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Flooding can be defined as any area of land covered by water, which is normally dry. Sometimes water levels can rise slowly and unnoticed, other times flooding can be rapid, sudden and unexpected. Floods are one of the main weather hazards that can be made worse by where we chose to live and how we manage our environment.

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Flooding at Canterbury Broad Oak Environmental Education Centre in November 2000
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The Great River Stour overflowing into Broad Oak Nature Reserve in November 2000

Rain is the most important factor in flooding. How much rain, how heavy and for how long it falls will all have an impact on the level of flooding. What happens to the rain once it hits the land can also decide which areas will flood. Developed land surfaces or recent weather conditions will both play a part in how serious the floods are. The most common influencing factors are:
Recent weather – The more rain in recent days or weeks, the more likely a flood is to occur. Even if rain falls land affected by drought, the soil may be too hard and dry to absorb any water.
Urbanization – water flows much faster over pavements and concrete than grass and soil.
Soil Type – Rainfall moves through sandy soil much faster and more easily than through thick clay.
Topography – Most of the world’s flash floods occur in mountains where small streams can become raging rivers in a matter of seconds, as they fall almost vertically. In lowland areas the slopes are gentler with floods taking longer to develop.
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Experts have named two types of floods:
1. River floods
2. Flash floods

A river flood forms slowly, normally because of melting winter snow or a very wet season. Smaller streams will eventually join larger rivers and the waters power can be great. Flooding can cause disruption for weeks on end, destroying buildings, washing away vehicles and roads.

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Flooding at Littlebourne on the Little Stour River, November 2000.

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Flash flooding
is far more dangerous and can happen very quickly. It is usually caused by large amounts of heavy rainfall from thunderclouds moving slowly over a land area that is likely to flood. Very heavy rainfall over an hour or two can create a ‘wall of water’ that can raise river and lake levels by just one meter in a minute. Flash floods are much more likely in area where it has been raining for a few days and the soil is saturated. The natural environment is also an important factor, and some of the most devastating flash floods have occurred in narrow, steep-sided canyons. For example the Lynmouth Flood Disaster 1953 on the edge of Exmoor, Devon.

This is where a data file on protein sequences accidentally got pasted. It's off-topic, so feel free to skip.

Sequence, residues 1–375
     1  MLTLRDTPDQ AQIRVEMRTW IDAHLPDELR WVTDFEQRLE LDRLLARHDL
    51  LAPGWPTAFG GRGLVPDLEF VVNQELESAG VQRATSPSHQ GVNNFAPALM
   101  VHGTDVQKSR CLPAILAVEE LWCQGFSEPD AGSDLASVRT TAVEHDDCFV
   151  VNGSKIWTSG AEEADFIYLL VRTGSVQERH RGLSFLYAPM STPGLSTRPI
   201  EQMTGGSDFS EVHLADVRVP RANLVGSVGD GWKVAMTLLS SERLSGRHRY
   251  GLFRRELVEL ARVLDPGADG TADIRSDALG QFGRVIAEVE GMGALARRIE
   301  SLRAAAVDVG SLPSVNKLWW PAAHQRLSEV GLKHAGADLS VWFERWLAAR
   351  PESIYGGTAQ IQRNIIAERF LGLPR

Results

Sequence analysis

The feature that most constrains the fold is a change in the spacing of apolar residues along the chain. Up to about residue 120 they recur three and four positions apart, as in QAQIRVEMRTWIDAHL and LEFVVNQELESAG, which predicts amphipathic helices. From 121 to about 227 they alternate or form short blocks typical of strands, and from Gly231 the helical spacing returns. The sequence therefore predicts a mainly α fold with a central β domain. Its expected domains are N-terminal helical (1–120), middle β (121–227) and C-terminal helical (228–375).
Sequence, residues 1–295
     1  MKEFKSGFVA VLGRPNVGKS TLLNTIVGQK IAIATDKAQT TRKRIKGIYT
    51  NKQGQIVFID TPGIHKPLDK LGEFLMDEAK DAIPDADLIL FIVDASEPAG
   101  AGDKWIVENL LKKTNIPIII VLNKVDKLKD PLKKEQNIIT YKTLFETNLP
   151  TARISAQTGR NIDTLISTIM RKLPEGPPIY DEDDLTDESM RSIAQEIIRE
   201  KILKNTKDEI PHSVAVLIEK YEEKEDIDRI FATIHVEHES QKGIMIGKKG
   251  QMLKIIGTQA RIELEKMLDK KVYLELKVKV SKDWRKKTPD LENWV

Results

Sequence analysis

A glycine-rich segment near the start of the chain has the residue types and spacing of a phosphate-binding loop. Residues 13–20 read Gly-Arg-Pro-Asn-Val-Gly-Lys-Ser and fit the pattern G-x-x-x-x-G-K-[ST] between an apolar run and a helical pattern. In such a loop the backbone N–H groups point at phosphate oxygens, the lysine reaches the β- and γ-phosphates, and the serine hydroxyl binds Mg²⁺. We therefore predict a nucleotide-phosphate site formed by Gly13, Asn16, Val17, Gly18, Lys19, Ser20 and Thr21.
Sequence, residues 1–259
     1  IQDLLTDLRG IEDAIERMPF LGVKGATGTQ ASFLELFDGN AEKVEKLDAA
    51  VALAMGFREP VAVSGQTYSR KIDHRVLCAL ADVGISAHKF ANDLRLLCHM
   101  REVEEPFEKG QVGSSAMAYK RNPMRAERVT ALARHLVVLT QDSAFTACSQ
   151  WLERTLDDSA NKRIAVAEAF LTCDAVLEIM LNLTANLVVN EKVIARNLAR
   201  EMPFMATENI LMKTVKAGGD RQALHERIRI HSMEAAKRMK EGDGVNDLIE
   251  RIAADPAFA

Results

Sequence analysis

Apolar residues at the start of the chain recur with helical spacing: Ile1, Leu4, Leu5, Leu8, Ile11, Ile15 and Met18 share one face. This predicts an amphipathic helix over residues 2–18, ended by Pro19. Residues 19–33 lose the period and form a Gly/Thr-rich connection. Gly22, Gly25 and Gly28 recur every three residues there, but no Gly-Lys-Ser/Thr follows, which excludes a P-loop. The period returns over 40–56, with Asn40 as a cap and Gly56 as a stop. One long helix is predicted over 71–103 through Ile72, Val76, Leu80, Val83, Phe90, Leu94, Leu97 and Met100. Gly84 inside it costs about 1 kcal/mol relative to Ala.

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In the UK the Environment Agency (previously the National Rivers Authority), is in charge of monitoring river and lake levels and making flood warnings when necessary. Sometimes floods are very difficult to predict. With the help of computer models, the monitoring of rainfall and water levels can help predict when and where flooding may occur. However, a large river system is harder to understand as there are many smaller streams involved, which are not monitored.

 


A sign near Broad Oak Nature Reserve following flood defence work on the Great River Stour
www.environment-agency.gov.uk

When flooding is likely, the Environment Agency (EA) releases different levels of warning:

Flood Watch – Flooding possible.
Flood Warning – Flooding expected to affect buildings and roads.
Severe Flood Warning – Severe flooding expected very soon. Take immediate action to protect life and property.
All Clear – issued when flood warnings are no longer in force.

These warnings are issued by local television and radio stations as well as by phone and on the Environment Agency (EA) website. Siren systems or loud hailers may also be used on a local scale if a more immediate and severe flood is likely.

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floods of october 2000

On the night of October 10th 2000 the worse floods in South-east England for 40 years began. The rivers of Kent and Sussex already had very high water levels because of significant rainfall. In just 72 hours, North-west Kent and East Sussex had 18cm (7 inches) of rainfall. 13cm of this had fallen in just 12 hours. 16 severe flood warnings were issued by the EA for rivers in Kent, Sussex, Hampshire and the Isle of Wight. In some places the water flowed over the river banks and towns and villages were flooded. More than 3000 homes had to be evacuated in Kent and the damage bill covering southern England reached millions of pounds.

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High water levels on the
River Medway at Maidstone

flooded reed walk at Broad Oak Nature Reserve
Flooded Reed Bed Walk at
Broad Oak Nature Reserve
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Flooded classroom at the centre
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The River Stour flooding
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Flooded bridges on the reserve

For more information on rivers and the water cycle have a look at our Investigating Rivers pages